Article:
Olivero: Totsuka’s superpipe supremacy is a testament to Japan’s halfpipe might
One year ago — the last time a pro snowboard and freeski competition took place in Summit County — was the last time Yuto Totsuka lost one of the sport’s preeminent halfpipe contests.
In February 2020, as the mob at the bottom of the Woodward Copper superpipe ushered Australian star Scotty James here and there, Totsuka began answering media questions about his performance. He was herded to what had become his perpetual spot: standing on the podium in second place. The then 18-year-old from Yokohama, Japan — to the right and a step down from James’ lofty perch — conjured an ever-so-slight smile before disappearing into the Dew Tour crowd.
Where did Totsuka go from there? To put in whatever final, necessary mental and physical work he needed to knock off James. After three consecutive victories over James, that’s now Totsuka’s perch just one year away from the scheduled start of the 2022 Beijing Winter Olympics.
On Sunday night in Aspen, in his customary short-and-sweet style, Totsuka described winning his first X Games Aspen superpipe gold medal as a “dream come true.” It became true, though, not because he’s a dreamer, but because he’s a worker.
American snowboard veteran Louie Vito hosted a live commentary from his living room Sunday night on his Instagram account, providing expert insight into the superpipe competition that rivaled X Games’ official televised ESPN broadcast. Once the questions from Vito’s viewers shifted from why American legend Shaun White wasn’t competing — White dropped due to tweaking his knee in practice — Vito got to the most pressing and pertinent question of the day: How has Yuto overtaken James immediately after James won 11 consecutive superpipe competitions?
Vito didn’t mince words: It’s because of the fundamentals and attention to detail Totsuka and the other Japanese professionals have. Vito spoke about a scene many Summit County locals have witnessed at Copper Mountain Resort in recent years: Japanese riders and coaches poring over practice and competition film. They treat the halfpipe like Bill Belichick or Nick Saban treat a football game, dissecting the footage for even tiny takeaways that could improve their performance.
That’s not to say James and the Americans and their respective coaches don’t also look at film — these are the best of the best, after all — but Vito made it clear the Japanese team is on another level when it comes to film study and fundamentals. Vito added that the masterful, picture-perfect edging through the pipe — which Totsuka and other Japanese riders use to fuel their soaring, sharp pipe runs — comes thanks to the obsessive, always-on-point upbringing young Japanese talents like Totsuka receive when they are progressing up the ranks.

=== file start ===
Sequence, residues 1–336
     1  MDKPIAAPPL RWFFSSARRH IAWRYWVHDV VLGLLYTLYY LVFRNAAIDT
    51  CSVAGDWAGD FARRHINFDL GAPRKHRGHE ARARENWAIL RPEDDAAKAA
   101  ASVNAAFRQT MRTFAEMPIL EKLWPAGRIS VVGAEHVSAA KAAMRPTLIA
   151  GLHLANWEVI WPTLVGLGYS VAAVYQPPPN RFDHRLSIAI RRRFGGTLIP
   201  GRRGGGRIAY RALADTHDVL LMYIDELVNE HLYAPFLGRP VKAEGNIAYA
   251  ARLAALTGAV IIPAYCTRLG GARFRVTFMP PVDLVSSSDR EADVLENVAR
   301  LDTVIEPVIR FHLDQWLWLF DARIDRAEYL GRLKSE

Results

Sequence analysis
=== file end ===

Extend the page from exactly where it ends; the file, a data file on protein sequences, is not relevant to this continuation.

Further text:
“Plug and play” was the term Vito used to describe the Japanese team’s machine-like depth in talent, an homage to substitutions in football for the rabid Ohio State University football fan.
Vito was candid that many American riders like himself learned how to snowboard recreationally at first, likely developing some not-so-ideal habits along the way. That’s not a good or bad thing, Vito said. It just is what it is. It hasn’t stopped many Americans from achieving success, including Vito, who represented the U.S. at the 2010 Vancouncer Winter Olympics and has won several Grand Prix, Dew Tour and X Games gold medals.
Now, with King Yuto wearing the halfpipe belt, it’s James’ turn to catch up. Between now and the Olympics opening ceremony Feb. 4, 2022, it remains to be seen if White and Japanese star Ayumu Hirano will throw their names into the halfpipe scene where Totsuka and James reign supreme. Whatever happens, James is now unquestionably in the same boots Totsuka was in a year ago at Copper Mountain. As long as James stays healthy, he’ll give Totsuka everything he can handle in the one spot neither has won a gold: an Olympic superpipe.
Antonio Olivero is the Summit Daily News sports and outdoors editor.
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